The Age of the Imbecile
umair haque
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The high-profile celebrity embracing some cause is a recurring cliche, but it can have traction, if the figure is temperate, sober, deliberative, and mature enough to set an example. Good old fashioned stuff. Fred Rogers, meet Lebron James.

Now, the complicated matter of Nike, and Colin Kaepernick. While his knee-taking garnered some supporters and many critics, the authoritarian response to the rather inchoate gesture (which had no clear outcome or conclusion to declare moral victory) incited far more to his side out of anger at the hostile censorship and blatant suppression of his rights.

Unfortunately, one of the less savory aspects to his story, is his rather confused and sanctimonious explanation for his refusal to vote. Ever. Given a multi-million dollar paycheck, which may not come again for myriad complications not about his talent as a player, it seems absurd that he would try to elaborate on the inequities of our system, but then tacitly encourage a boycott of the one and only remedy, namely the lowly vote.

Not very glamorous, often frustrating and demoralizing, nevertheless it is actually one of the few activities that really matter, in terms of effecting changes that can make differences moving forward. The trouble with protesting is that while it might feel good, cathartic in the moment, it still hands the actual power to the target, demanding that it make the changes happen. Of course the target usually pushes back, and resists those demands, frequently appearing as the victim of radical agendas, winning public support.

The civil rights protests were not vague, however. They were very clear, simple, often with clear outcomes like being served in a public establishment, an outcome that could have been rectified in five minutes. Demands for voting rights were nearly as clear and simple, with just the institutional racism and Jim Crow laws standing in the way.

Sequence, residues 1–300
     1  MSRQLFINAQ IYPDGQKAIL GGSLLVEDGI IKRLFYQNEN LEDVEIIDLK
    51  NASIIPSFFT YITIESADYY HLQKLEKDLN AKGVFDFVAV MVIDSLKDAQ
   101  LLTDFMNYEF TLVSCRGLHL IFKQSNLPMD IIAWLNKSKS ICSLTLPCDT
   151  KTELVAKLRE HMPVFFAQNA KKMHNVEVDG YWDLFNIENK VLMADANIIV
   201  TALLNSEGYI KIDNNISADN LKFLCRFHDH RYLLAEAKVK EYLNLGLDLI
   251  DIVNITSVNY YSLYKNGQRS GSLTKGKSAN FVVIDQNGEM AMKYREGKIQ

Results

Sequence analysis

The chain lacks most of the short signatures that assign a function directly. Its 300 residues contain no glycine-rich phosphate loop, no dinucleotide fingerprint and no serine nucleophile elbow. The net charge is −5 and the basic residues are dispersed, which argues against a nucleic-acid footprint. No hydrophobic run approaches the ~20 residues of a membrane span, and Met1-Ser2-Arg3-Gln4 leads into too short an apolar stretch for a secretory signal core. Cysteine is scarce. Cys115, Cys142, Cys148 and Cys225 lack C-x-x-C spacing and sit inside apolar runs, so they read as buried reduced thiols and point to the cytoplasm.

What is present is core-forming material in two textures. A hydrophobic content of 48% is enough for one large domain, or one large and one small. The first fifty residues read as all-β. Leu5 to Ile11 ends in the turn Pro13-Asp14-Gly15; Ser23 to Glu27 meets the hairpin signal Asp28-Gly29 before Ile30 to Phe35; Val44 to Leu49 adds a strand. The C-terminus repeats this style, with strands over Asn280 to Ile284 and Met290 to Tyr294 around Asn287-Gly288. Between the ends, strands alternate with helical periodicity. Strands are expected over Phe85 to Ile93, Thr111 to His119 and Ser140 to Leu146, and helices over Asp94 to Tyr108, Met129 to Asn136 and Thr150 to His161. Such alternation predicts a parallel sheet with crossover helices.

Kaepernick’s dismissal of the power and inevitability of voting disrespects the history of persons of color who died for the right denied them by the establishment he claims to be protesting about. Men and women still living can and perhaps should be having heated conversations with him, about all they endured, and witnessed fifty years ago, in contrast to his limited personal experiences. It might be just optics, but for some reason, the man seems to desire center stage, making it about himself in some cause, and not about becoming a servant to a cause. He is still opting to be a spokesman for an ad campaign, looking good for the target demographic, but taking risks as an athlete is never as difficult as taking risks as a citizen.

There is still time to make things right for him. Voter registration is still open for the fall elections, and the campaign has practically been written for him already, by Nike: Voting. Just Do It.

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